Inside the Laguna Woods church shooting: A stranger lurking, ‘evil’ and heroes rising
Behind the pulpit of the Irvine Taiwanese Presbyterian Church, Pastor Billy Chang was in his element.
He had spent two decades pastoring the Laguna Woods congregation before moving to Taiwan two years ago. And on Sunday morning, he was back — joyfully so — as a guest preacher reading the word of God once again in a place that felt like home.
Chang, 67, knew almost all the faces in the pews. They were mostly elderly, mostly Taiwanese. They were like family.
In the crowd was one stranger, but no one gave him much thought. He was an older Asian man with gray hair. He wore a black T-shirt and sat in the back of the sanctuary, reading a newspaper throughout the sermon.
A gunman attacked a lunch banquet at a Taiwanese church in Laguna Woods, killing one person and wounding five others Sunday before congregants tackled him, hogtied him with an extension cord and grabbed his two weapons, authorities said.
Up front, Chang read from the Book of Isaiah: Even youths grow tired and weary, and young men stumble and fall. But those who hope in the Lord will renew their strength. They will soar on wings like eagles; they will run and not grow weary. They will walk and not be faint.
For the record:
4:03 p.m. May 19, 2022An earlier version of this article included an extra word in a quote from the Bible’s Book of Isaiah, saying that those who hope in the Lord “will not run and not grow weary.” It should have said, “will run and not grow weary.”
They were prescient words.
About three hours later the parishioners would have to find that strength to save their own lives when the stranger locked them in the auditorium and pulled out a gun.
The Irvine Taiwanese Presbyterian Church never had a permanent home. It was started in 1994, with about 30 worshipers using borrowed space in another church in Irvine.
The church moved a few times, always nesting within other houses of worship. In 2012, it settled at Geneva Presbyterian Church in Laguna Woods to accommodate its aging members, many of whom lived in the nearby Laguna Woods Village retirement community.
Geneva Presbyterian is a gray, 1960s-era building, with thick walls and few windows, designed to tolerate frequent flyovers from the former El Toro Marine Base.
“The church is a place you go to for comfort. You go there for spiritual renewal,” said Yorba Linda City Councilwoman Peggy Huang, whose parents are members of the Taiwanese Presbyterian congregation. “Church is all about love, peace and everything in the Bible.”
Although it was itinerant, Irvine Taiwanese Presbyterian had about 100 members and a dedicated leader in Chang, who pastored the church for 21 years before moving to Taiwan in 2020 to head a congregation there.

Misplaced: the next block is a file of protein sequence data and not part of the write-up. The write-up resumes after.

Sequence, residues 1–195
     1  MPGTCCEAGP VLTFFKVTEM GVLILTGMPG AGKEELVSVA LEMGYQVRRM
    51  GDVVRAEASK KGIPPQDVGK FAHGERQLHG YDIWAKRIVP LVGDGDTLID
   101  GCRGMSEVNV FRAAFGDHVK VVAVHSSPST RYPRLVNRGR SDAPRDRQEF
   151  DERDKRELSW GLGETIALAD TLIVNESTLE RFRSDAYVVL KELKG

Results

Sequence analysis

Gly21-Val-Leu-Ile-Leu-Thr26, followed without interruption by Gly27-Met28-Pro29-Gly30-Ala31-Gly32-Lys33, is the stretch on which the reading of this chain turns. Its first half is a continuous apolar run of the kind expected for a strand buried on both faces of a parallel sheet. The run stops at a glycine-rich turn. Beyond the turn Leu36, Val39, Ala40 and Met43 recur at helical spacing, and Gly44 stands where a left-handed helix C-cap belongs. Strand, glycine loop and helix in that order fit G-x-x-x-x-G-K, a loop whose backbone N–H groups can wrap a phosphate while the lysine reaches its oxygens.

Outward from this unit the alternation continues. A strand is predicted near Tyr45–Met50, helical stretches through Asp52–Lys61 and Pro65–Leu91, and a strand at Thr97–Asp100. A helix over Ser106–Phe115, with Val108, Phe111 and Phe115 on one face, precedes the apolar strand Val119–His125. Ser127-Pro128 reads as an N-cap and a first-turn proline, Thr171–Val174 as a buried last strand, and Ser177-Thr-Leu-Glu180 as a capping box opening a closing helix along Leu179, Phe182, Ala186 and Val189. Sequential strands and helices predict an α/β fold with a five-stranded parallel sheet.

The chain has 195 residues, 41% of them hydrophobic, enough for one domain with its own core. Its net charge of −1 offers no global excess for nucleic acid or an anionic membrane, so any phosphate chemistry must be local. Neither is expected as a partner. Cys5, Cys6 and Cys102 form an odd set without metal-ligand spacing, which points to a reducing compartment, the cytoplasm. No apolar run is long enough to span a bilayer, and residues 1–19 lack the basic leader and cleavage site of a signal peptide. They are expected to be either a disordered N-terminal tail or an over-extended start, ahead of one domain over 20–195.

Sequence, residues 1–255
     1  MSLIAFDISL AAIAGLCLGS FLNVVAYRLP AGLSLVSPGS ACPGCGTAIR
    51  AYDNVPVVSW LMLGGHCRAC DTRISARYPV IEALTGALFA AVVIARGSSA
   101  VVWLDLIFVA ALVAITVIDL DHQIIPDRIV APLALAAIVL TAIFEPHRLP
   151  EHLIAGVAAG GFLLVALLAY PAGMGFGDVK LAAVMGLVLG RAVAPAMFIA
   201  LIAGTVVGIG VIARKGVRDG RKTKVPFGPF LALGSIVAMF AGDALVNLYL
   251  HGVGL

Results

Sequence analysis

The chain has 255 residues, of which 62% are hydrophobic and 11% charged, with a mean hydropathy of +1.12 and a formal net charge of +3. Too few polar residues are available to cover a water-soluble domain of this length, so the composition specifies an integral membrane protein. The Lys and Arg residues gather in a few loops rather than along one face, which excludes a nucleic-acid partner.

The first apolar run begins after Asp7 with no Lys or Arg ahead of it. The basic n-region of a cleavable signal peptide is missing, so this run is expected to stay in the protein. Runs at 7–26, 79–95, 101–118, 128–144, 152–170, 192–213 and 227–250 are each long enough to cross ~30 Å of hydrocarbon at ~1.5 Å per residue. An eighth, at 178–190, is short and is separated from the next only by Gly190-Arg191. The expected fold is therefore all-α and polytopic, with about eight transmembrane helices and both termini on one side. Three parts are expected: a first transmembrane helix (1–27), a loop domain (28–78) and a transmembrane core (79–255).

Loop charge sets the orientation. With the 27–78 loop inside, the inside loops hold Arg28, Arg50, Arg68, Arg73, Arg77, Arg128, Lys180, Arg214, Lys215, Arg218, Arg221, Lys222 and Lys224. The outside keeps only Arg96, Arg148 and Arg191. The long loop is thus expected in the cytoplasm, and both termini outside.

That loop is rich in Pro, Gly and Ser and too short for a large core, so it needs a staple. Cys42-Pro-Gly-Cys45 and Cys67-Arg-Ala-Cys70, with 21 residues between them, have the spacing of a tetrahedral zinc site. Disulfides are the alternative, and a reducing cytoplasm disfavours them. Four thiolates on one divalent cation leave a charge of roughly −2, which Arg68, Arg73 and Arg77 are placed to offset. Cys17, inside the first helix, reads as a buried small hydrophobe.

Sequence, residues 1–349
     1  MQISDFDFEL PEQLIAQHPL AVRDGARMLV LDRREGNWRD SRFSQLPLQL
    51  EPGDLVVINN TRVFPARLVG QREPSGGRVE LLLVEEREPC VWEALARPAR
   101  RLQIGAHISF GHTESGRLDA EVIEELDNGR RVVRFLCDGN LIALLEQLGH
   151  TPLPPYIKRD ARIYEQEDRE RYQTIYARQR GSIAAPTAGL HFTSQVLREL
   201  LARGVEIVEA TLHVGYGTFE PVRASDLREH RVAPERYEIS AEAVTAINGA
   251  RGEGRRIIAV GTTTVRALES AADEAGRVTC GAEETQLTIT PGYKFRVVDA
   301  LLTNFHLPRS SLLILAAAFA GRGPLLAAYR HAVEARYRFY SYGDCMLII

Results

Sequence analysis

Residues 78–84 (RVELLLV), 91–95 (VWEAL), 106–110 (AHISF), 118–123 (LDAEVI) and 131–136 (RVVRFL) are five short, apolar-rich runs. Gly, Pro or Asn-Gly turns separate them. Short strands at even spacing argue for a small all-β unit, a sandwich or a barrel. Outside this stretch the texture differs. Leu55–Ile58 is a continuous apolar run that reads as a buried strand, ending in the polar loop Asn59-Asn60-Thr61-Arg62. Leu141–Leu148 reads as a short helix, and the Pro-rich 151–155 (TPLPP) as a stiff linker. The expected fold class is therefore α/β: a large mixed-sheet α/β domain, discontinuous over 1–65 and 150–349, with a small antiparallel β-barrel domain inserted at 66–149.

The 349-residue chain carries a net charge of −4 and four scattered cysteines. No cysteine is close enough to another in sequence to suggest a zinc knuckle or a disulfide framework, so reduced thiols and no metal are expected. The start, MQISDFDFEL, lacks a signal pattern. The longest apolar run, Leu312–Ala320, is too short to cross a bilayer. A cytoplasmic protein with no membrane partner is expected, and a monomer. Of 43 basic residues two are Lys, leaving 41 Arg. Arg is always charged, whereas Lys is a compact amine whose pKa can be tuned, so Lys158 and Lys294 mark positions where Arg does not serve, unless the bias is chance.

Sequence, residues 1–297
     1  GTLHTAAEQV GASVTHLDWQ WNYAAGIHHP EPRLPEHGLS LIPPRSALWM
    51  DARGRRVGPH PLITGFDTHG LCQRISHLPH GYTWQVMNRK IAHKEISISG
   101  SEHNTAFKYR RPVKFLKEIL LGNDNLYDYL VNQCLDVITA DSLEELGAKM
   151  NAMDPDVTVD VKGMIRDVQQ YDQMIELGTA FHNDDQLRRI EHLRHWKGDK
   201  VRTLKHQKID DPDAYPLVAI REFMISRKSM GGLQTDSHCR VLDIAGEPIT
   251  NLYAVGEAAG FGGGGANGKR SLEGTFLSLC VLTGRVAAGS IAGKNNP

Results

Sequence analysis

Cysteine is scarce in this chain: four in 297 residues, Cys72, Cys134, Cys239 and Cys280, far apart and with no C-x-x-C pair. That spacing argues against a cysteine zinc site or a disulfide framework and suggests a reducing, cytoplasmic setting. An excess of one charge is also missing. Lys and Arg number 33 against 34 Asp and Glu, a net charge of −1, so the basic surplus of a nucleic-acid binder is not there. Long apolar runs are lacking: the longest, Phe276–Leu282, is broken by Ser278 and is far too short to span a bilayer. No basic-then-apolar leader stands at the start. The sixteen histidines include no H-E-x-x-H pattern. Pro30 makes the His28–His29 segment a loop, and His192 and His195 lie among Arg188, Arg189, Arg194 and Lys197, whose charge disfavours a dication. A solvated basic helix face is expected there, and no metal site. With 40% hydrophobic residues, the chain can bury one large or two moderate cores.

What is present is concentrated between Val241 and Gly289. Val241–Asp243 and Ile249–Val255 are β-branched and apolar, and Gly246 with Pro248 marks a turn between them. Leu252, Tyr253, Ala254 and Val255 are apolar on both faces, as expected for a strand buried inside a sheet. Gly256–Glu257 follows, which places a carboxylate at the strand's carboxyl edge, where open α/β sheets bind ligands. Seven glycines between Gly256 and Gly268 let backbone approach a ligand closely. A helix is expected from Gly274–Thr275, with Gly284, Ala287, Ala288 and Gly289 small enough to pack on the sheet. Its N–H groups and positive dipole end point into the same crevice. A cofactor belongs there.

The Irvine Taiwanese Presbyterian attendees worship in their native language — not Mandarin but Taiwanese, a dialect that was once suppressed by the Kuomintang regime, which ruled under martial law from 1949 to 1987.
“Our church is very kind,” said Jerry Chen, a 72-year-old ordained church elder. “We are all very kind to other people.”
On Sunday — the morning after a white gunman targeting Black shoppers at a grocery store in Buffalo, N.Y., killed 10 people in what’s being investigated as a racist hate crime — around 150 people showed up to the Laguna Woods church to hear Chang preach. Although attacks on Asian Americans have risen dramatically during the pandemic, they felt safe in their church.
Just after 10 a.m., a receptionist greeted the man in the black T-shirt. The receptionist, speaking Taiwanese, asked him to fill out a form with his personal information, a standard request for visitors to Presbyterian churches.
The man, who also spoke Taiwanese, refused. He said he had attended two services there in the past and had already filled out the form, according to a statement from the church.
David Wenwei Chou’s wife had relocated to Taiwan during a divorce. He’d sold the Vegas building he lived in and couldn’t afford rent, a neighbor says.
He told the receptionist his name was “Da-Wei Chou,” took a church-provided Chinese-language newspaper focused on Taiwanese news, and sat in the back of the sanctuary.
His full name was David Wenwei Chou.
He was a 68-year-old security guard from Las Vegas whose life was falling apart. His wife left for Taiwan in December to seek treatment for lung cancer and to leave him for good, in the midst of a divorce, according to a former next-door neighbor in Las Vegas. In March, Chou was evicted from the stucco fourplex he once owned.
“He was just a homeless old man,” the neighbor, Balmore Orellana, would recall. “He told me, ‘I just don’t care about my life anymore.’”
The tenants who moved into his vacated unit, Orellana said, found photos of him posing with a gun, including one that appeared to have been taken at a memorial to a mass shooting at the Route 91 Harvest music festival in Las Vegas. He looked like he was laughing.
Orellana didn’t know if Chou had any radical ideology. But Chou did tell Orellana that he was born in Taiwan but considered himself Chinese, and strongly believed China and Taiwan were one country.
The churchgoers sang a hymn: Though old and poor, Jesus belongs to me. The Lord will support me all the way.